Foam vs Rubber – Let’s get this right please!



Recently, CRC (Calandra Racing Concepts) released images of their upcoming World GT/ 10th Scale Pan Car Rubber tire wheels.  The wheels are designed to mount readily-available Pit Shimizu- style F1 rubber tires on regular 10th Scale Pan Car Front and Rear Axles.  This is exciting for the hobby on so many levels, as we integrate these into racing programs, it is very important that we GET THIS RIGHT.

Foam vs Rubber is one of the most polarizing arguments in the hobby. If you ask me, I can’t tell you that I prefer one over the other.  Foam offers awesome grip, which usually means an easier to drive car, but with a vast array of foam compounds and changing track conditions, mastering the art of foam can take a lot of time and dedication.  Rubber on the other hand is typically more durable, longer lasting and less temperamental at the expense of more weight and a little less grip.

Now I won’t come out here and say that Rubber tires need to replace everything foam.  But the new CRC Tires could spark interested into realistic, scale classes that appeal to the masses, are economical and easy to use. So I will re-state this. IT IS VERY IMPORTANT THAT WE GET THIS RIGHT.

At the moment, in a couple of different regions of the country, the Spec 175 GT class has been starting to gain some steam and participation. The class is simple, uses realistic looking GT Bodies and the cars could be considered by some, are slightly under-powered. This is the type of class where the CRC Rubber Tire wheels would be right at home.  Combine all the elements above with rubber tires, and you could have a recipe for something we have not had in a while: FRESH Blood.

Now, when I say let’s get this right, I mean let’s really be selfless and think about the bigger picture and welfare of our hobby.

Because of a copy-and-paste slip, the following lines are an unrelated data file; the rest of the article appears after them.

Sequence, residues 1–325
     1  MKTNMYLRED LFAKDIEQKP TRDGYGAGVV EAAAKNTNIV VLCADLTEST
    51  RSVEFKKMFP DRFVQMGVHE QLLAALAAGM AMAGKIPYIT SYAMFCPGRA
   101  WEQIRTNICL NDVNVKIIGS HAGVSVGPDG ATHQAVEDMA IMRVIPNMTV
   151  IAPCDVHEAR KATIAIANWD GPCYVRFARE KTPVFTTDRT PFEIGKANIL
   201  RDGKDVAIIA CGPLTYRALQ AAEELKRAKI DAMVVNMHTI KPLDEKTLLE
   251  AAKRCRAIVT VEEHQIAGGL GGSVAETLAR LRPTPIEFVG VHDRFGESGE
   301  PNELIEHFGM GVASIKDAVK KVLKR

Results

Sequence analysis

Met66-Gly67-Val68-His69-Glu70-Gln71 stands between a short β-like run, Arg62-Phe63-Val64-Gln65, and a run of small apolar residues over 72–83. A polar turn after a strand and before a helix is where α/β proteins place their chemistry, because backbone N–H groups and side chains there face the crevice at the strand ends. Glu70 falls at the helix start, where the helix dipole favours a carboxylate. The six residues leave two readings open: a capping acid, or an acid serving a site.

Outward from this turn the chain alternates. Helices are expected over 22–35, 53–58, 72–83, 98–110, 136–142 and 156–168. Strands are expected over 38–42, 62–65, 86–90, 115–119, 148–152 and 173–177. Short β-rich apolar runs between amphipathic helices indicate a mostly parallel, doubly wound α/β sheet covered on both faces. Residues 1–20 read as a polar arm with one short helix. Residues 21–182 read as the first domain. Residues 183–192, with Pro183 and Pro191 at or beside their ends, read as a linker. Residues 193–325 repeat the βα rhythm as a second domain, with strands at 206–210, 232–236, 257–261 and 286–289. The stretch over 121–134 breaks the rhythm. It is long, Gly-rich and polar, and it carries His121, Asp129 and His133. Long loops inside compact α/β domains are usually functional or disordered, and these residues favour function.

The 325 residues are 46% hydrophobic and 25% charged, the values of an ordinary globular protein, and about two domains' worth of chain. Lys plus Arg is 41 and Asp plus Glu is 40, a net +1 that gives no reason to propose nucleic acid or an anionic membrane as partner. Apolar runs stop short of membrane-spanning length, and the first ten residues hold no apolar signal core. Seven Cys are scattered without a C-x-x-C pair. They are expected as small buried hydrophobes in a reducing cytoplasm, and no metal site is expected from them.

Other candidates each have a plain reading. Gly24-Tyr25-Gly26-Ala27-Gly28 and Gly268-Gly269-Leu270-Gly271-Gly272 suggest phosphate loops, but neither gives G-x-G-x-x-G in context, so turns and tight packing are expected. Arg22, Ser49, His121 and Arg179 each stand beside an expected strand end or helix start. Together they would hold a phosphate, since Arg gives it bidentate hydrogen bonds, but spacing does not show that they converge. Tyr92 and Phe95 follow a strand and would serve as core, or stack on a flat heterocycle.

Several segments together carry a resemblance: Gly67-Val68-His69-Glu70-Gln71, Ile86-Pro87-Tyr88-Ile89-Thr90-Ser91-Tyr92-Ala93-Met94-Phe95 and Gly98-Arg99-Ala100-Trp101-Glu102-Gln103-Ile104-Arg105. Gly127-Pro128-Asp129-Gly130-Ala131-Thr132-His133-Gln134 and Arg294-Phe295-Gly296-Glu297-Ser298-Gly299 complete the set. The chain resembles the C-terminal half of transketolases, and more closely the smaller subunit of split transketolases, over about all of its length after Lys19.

• Let’s keep this class as a hobby class.  Encourage cool realistic paint schemes and liveries. Let’s leave the easter egg schemes for the other 43 classes out there.
  • Keep non-realistic World GT style bodies out of this.
  • Don’t over power the cars. 17.5 1S is a good platform, but offer an alternative 25.5 2S Power Plant, the two should be very close on the track speed wise. At the same time, 2S Brand Name Equipment is far more common, readily available and for the most part, more affordable.  The Brits have had alternative power packages for their 12th Scale GT Racing for a while and it seems to work out well. In their case it is 21.5 2S and 13.5 1S, but the idea is the same.
  • Fast guys, let the newbies and the long time hobbyists have this class. I know you want to race this too, but if you keep scaring new guys off, soon you won’t have others to race.  If you do decide to get into this class, keep it lighthearted and fun. Give yourselves some sort of handicap, like extra weight or fixed gearing to slow you down.
  • Now that the cars can have F1 Rubber on them, encourage converted F1’s to race in the Spec 175 GT class.

I know a lot of people out there still think it would be blasphemous to run rubber on their precious World GT Chassis. That’s ok, this class is probably not for you. You can keep your 10th Scale Pan Car in the closet collecting dust. For all others, let’s absolutely make sure that we GET THIS RIGHT.

Some images of some Spec GT 175 Cars:

Viper    porsche    Corvette



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